Warren Buffett's Elephant Gun Could Target Utilities Deals
NEW YORK ( TheStreet) -- Did Warren Buffett give a not so subtle hint that his "elephant gun" is targeting utilities, a sector where Berkshire Hathaway's (BRK.A) MidAmerican Energy is already one of the largest players in the U.S.?
Buffett fanned speculation at last weekend's Berkshire Hathaway annual meeting about another big acquisition when he said Berkshire had come close to cutting a $22 billion deal during the last quarter of 2011. Buffett said that the deal fell apart because of a disagreement on price and his unwillingness to sell any of his stock investments, nevertheless, he expressed confidence that in the future Berkshire will be able to bag M&A prey as large or larger than Berkshire's $26.5 billion acquisition of Burlington Northern Santa Fe .
Buffett's elephant gun is nothing new, and the never-ending question is what companies could Berkshire buy?
The universe of potential deals to speculate over is expansive, given Berkshire's financial might and the number of sectors in which the company already has exposure and a predilection for deals. However, Buffett's statement that the firm is looking to invest $100 billion in MidAmerican Energy may be worth a focus.
Investing Berkshire Hathaway's cash faster than the company generates it has become a major issue for Warren Buffett as Berkshire's cash stockpile sits at above $37 billion and the company draws in $1 billion a month in free cash flow. This cash "problem" has spurred the legendary value investor to put his money behind consistent-returning but capital intensive businesses like railroad BNSF in 2010 and chemicals giant Lubrizol in 2011.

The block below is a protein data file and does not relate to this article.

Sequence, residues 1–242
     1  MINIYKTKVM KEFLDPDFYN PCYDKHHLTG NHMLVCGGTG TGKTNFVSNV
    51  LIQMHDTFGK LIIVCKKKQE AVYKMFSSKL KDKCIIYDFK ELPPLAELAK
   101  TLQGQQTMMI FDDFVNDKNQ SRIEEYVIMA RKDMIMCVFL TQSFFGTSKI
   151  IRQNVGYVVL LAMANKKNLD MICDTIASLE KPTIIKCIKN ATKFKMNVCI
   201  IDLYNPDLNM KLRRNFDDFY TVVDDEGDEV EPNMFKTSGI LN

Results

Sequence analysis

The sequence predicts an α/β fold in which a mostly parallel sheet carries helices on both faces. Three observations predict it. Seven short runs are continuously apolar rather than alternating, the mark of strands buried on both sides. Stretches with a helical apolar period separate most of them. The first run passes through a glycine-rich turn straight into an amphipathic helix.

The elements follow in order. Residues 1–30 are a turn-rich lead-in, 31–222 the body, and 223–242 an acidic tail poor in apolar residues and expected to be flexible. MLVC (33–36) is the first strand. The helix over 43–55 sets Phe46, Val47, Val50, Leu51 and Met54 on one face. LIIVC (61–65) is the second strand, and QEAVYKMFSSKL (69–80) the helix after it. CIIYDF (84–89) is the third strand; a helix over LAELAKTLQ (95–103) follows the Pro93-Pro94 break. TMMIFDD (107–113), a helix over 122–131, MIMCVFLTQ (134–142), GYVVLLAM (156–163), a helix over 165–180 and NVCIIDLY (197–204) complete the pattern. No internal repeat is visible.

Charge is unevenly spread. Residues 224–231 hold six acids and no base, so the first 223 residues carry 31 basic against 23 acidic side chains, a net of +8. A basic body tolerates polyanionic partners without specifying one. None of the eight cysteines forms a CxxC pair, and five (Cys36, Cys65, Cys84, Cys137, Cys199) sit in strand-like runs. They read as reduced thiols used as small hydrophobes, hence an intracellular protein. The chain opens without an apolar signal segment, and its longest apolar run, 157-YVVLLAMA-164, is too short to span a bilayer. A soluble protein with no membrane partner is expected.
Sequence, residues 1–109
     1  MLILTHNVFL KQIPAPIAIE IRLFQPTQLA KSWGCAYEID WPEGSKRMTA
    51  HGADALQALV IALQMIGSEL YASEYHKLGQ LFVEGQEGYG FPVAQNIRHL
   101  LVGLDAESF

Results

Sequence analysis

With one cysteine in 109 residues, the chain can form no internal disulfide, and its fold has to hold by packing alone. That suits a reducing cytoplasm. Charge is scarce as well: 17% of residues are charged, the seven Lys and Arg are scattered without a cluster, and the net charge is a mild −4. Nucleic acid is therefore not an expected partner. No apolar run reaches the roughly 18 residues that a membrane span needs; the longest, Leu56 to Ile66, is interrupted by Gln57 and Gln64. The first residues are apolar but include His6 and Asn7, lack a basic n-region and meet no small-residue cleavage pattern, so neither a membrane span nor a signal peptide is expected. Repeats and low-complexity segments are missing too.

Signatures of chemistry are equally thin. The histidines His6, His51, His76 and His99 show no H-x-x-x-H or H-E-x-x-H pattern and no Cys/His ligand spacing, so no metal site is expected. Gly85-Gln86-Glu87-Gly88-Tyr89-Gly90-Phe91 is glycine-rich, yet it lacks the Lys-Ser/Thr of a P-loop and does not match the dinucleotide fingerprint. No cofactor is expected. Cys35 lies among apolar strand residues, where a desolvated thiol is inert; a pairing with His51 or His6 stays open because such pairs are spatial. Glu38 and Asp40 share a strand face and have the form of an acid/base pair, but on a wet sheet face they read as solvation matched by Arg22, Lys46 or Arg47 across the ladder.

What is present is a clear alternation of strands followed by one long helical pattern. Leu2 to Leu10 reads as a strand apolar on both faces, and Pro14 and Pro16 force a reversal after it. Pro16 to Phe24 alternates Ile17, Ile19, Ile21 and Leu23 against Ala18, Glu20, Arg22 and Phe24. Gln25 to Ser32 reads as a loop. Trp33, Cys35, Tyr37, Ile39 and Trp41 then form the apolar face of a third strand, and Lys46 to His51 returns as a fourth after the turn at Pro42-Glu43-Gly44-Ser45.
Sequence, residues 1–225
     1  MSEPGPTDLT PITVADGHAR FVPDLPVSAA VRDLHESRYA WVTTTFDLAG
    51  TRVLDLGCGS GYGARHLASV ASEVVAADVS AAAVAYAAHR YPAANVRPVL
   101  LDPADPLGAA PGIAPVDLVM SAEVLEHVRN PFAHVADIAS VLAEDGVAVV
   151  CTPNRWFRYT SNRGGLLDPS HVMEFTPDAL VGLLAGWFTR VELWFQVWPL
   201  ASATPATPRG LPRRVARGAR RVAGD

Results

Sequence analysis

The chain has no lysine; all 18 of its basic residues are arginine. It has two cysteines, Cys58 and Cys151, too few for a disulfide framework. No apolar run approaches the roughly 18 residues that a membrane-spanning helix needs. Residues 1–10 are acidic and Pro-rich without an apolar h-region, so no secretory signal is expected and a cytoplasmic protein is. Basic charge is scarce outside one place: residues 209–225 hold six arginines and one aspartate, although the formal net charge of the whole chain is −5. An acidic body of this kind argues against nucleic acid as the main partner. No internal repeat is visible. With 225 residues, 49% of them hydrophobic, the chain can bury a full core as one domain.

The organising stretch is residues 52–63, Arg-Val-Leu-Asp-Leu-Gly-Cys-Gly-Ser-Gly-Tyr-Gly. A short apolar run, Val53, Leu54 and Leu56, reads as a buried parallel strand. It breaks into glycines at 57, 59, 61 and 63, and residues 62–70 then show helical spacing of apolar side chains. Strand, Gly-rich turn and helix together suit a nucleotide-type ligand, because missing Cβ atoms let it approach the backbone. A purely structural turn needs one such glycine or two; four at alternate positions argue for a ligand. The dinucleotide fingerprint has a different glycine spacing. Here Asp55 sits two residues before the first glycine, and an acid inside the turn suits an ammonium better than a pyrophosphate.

It is also behind the comment made by Berkshire Hathaway vice chairman Charlie Munger at the shareholder meeting, "MidAmerican Energy may have an opportunity to deploy as much as $100 billion over the next 10 to 15 years at very reasonable rates." Much of that spending is likely to consist of capital expenditures, but the $100 billion estimate leaves room for strategic deals, and the figure came as one of the biggest surprises to Berkshire watchers at the shareholder meeting.
"That was far north of what I would have previously estimated," says Tom Lewandowski, an analyst with Edward Jones, adding, "Regulated returns are pretty attractive."
PG&E(PCG) , for example, with a market cap of $18.8 billion, would roughly be in line with the $22 billion sized-deal when assuming a premium, and it's in a sector already seeing consolidation as regulated merchant power businesses look for cost synergies to overcome falling natural gas prices and others look to pick up regulated customers.